Following Juan Manuel Santos’ scorching landslide in Colombia’s Presidential election, much attention has been paid to the Venezuelan expert who, seemingly, helped turn his campaign around when Antanas Mockus became a threat.
In this interview (in Spanish), J.J. Rendón says a lot of things about Venezuela’s peculiar situation, some of which are interesting, some of which I don’t agree with (for example, he is far too critical of the opposition’s lack of leadership, and he overemphasizes the opposition’s role in changing the perception of foreign public opinion).
But his emphasis is in the right place: more than "unity," our opposition would do well to unify its message and not respond to the thousand red flags Chávez throws our way. Furthermore, he seems to understand that most Venezuelan voters are not in tune with the day-to-day of politics.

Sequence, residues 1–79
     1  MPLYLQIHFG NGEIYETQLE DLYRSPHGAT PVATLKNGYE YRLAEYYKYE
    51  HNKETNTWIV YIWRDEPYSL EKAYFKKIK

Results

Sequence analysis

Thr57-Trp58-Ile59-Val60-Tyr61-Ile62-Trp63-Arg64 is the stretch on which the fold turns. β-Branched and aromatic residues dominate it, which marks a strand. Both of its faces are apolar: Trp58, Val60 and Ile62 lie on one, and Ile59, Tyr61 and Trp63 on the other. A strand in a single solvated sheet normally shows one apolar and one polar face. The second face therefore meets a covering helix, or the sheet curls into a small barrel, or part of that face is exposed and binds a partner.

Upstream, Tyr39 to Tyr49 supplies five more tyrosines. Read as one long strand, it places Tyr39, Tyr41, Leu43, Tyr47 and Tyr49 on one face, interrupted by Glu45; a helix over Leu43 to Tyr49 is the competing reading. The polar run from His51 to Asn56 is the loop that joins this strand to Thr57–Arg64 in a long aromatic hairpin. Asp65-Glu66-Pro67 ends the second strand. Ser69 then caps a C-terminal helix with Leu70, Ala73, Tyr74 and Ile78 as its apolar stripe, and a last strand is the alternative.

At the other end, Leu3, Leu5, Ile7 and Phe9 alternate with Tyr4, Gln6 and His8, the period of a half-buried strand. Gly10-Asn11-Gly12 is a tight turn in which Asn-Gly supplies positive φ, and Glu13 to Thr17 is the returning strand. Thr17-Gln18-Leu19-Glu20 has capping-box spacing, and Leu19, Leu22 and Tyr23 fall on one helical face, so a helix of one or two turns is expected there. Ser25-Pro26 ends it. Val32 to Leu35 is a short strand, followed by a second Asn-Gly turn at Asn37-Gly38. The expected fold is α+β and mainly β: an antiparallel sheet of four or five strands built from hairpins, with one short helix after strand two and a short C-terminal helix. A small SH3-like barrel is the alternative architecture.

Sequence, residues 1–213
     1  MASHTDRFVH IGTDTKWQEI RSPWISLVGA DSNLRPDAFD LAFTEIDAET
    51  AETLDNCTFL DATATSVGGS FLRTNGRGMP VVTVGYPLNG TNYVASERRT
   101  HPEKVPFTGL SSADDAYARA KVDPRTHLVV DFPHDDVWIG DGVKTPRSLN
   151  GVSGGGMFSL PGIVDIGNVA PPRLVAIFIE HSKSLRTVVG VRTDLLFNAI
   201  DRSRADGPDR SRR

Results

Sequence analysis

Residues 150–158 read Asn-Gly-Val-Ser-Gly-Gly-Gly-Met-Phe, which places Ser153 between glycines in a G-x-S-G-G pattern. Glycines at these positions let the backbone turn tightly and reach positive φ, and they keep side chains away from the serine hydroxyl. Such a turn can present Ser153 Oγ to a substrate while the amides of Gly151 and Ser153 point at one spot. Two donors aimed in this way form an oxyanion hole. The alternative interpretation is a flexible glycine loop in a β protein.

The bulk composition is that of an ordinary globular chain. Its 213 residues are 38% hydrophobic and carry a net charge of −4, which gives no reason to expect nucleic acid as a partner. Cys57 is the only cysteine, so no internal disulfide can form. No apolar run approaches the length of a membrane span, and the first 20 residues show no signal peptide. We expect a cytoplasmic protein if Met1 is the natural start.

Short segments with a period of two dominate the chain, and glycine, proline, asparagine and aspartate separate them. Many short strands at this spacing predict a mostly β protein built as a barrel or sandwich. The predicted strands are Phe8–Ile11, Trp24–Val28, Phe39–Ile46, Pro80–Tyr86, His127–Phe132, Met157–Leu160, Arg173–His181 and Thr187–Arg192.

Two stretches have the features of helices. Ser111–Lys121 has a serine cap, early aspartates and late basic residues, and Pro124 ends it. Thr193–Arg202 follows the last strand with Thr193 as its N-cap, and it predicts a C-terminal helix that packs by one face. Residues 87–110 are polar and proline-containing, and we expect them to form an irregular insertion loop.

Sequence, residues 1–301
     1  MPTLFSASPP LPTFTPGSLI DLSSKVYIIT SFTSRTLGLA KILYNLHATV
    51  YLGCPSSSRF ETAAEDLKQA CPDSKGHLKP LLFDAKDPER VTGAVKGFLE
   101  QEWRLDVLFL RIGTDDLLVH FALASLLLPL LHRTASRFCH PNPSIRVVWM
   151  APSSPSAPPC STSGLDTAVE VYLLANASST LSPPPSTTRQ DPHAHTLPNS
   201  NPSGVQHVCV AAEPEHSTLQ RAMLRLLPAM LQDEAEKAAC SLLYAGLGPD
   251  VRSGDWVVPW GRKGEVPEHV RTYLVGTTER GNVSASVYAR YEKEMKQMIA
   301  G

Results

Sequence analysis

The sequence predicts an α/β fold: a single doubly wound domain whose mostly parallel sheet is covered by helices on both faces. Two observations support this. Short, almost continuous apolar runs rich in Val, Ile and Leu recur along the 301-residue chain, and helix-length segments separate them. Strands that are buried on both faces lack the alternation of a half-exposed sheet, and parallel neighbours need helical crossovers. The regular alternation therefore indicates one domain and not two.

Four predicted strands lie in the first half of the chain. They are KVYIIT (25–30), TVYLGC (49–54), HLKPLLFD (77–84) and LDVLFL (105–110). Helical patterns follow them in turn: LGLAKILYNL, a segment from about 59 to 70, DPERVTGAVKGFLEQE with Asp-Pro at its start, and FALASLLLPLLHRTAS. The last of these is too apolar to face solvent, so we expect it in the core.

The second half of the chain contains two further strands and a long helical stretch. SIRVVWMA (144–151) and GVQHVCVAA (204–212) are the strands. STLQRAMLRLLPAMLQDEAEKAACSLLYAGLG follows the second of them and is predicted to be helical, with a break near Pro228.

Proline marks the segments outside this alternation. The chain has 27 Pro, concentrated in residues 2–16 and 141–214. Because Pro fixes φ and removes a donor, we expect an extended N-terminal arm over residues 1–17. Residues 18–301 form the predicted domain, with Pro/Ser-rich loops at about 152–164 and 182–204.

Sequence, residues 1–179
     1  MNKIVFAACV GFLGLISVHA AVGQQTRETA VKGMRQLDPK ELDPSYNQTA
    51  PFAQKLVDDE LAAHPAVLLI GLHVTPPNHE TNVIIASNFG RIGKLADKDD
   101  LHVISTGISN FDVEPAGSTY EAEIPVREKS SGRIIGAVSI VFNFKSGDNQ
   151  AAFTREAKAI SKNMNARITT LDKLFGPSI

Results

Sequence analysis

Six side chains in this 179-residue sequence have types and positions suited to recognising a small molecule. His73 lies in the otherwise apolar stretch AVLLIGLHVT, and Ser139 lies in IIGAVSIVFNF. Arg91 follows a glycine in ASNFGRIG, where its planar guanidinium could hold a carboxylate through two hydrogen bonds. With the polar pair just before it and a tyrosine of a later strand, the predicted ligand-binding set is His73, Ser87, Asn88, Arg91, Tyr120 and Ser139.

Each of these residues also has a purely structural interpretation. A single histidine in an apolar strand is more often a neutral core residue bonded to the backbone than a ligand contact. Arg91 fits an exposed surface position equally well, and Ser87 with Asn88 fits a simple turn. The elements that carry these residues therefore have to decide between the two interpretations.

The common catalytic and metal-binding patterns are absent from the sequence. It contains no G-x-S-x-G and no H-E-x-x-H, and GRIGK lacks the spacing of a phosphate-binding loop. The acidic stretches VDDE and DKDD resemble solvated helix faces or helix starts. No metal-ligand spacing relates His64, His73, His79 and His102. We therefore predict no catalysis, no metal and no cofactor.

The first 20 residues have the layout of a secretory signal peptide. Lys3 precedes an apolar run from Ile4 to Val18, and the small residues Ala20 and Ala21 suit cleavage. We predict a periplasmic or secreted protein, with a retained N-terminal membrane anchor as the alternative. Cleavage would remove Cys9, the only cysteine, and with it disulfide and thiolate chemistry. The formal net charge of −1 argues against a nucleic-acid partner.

I thought he was implicitly agreeing with a point Quico made in his previous post: more than ni-nis, what we seem to have are a large group of voters that are simply not paying attention to politics right now.
It’s worth a listen.
Caracas Chronicles is 100% reader-supported. Support independent Venezuelan journalism by making a donation.